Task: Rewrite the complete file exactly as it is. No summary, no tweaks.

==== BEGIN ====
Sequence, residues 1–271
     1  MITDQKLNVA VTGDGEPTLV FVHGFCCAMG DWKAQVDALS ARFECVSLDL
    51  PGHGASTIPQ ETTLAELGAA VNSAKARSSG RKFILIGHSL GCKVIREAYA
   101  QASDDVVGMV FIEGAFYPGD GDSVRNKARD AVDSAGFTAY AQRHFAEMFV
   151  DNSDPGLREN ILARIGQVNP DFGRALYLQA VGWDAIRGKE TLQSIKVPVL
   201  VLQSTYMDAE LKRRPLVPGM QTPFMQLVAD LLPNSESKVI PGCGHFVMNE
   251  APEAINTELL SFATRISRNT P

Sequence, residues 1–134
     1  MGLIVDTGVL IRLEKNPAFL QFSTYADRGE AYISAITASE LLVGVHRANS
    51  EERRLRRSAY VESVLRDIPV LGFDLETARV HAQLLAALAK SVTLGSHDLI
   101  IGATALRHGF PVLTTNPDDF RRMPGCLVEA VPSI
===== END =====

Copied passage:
Sequence, residues 1–271
     1  MITDQKLNVA VTGDGEPTLV FVHGFCCAMG DWKAQVDALS ARFECVSLDL
    51  PGHGASTIPQ ETTLAELGAA VNSAKARSSG RKFILIGHSL GCKVIREAYA
   101  QASDDVVGMV FIEGAFYPGD GDSVRNKARD AVDSAGFTAY AQRHFAEMFV
   151  DNSDPGLREN ILARIGQVNP DFGRALYLQA VGWDAIRGKE TLQSIKVPVL
   201  VLQSTYMDAE LKRRPLVPGM QTPFMQLVAD LLPNSESKVI PGCGHFVMNE
   251  APEAINTELL SFATRISRNT P

Sequence, residues 1–134
     1  MGLIVDTGVL IRLEKNPAFL QFSTYADRGE AYISAITASE LLVGVHRANS
    51  EERRLRRSAY VESVLRDIPV LGFDLETARV HAQLLAALAK SVTLGSHDLI
   101  IGATALRHGF PVLTTNPDDF RRMPGCLVEA VPSI